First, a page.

Away from the passion of the Mestalla, Valencia were a long way from their best. The Spaniards were able to command 66% of possession, but Chelsea were still more than happy and eventually won with some ease. Possession is only worthwhile when it is allied to penetration, and there was very little of that. Valencia's performance made a mockery of statistics.
Having already alienated Nicolas Anelka and Alex, André Villas-Boas suggested that Fernando Torres, Mikel John Obi and maybe Frank Lampard might have a similarly negative outlook. By introducing Oriol Romeu and persisting with David Luiz and Raul Meireles, the young Portuguese manager showed his vision for Chelsea's future. Didier Drogba's shot, following Juan Mata's control and Daniel Sturridge's persistence, gave Chelsea a perfect platform, and the home team dropped deep, conceding possession to Valencia in the middle third.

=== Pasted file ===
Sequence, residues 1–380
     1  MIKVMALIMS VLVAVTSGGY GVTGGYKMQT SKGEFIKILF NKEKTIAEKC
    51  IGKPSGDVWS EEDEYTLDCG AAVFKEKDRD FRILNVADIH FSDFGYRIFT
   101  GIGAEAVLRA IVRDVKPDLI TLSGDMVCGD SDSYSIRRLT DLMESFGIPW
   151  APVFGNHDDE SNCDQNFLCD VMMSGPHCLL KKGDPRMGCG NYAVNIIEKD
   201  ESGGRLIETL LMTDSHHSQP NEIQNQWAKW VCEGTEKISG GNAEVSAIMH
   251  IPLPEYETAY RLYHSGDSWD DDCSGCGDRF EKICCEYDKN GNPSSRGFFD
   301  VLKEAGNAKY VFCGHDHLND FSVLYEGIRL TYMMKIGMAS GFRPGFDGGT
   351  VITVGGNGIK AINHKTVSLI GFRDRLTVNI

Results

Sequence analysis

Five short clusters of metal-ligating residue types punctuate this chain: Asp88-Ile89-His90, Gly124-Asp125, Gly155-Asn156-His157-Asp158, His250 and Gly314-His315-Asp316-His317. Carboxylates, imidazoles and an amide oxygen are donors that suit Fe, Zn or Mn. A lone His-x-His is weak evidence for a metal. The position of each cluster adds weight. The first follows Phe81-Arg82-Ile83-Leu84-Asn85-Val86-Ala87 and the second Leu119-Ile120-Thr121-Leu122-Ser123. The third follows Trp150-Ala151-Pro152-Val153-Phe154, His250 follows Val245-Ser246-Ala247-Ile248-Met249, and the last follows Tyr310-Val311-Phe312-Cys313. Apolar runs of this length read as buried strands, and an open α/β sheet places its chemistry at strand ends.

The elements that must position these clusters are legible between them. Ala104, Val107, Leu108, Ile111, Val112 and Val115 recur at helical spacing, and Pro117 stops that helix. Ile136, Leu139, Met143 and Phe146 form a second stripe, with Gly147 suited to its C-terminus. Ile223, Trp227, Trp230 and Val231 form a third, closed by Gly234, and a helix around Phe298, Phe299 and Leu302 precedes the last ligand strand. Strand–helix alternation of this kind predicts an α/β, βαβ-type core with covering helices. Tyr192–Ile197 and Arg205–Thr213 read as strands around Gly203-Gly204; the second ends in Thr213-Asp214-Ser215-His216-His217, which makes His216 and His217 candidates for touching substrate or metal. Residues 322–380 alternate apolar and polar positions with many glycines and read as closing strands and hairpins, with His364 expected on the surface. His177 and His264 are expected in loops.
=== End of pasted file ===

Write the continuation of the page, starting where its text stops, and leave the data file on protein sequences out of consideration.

They did little with it to hurt Chelsea, and were happy to roll the ball around far too slowly in ineffectual areas. Crucially, the central defensive partnership of John Terry and David Luiz, which has looked quite shaky at times in recent weeks, left little space behind. They kept close together, and covered for each other with applaudable distrust. Last night they appeared comfortable, showing that after an awkward introduction their partnership could now develop into something more solid.
They were rarely pulled out wide, defending simply across the width of the box. On the left flank Ashley Cole was restrained and held his ground and on the right Branislav Ivanovic kept his shape too, playing the ball swiftly to Sturridge. As a consequence neither David Luiz nor Terry was forced to come out of position to cover the touchlines.
With only Roberto Soldado in attack, there was little that threatened Petr Cech at close quarters. Perhaps Valencia, having found no encouragement from prodding the ball around in front of Chelsea's solid group, might have attempted to overload wide and disrupt their opponents' easy pattern, but instead they played into Chelsea's perfect tactical instructions.
David Luiz played reliably and responsibly, maintaining both concentration and position. He burst forward only once in the entire game, and curbed his inclination to attempt difficult manoeuvres in inadvisable areas. The Brazilian proved influential in what was a perfect team plan from Villas-Boas, though Valencia proved a dismal disappointment.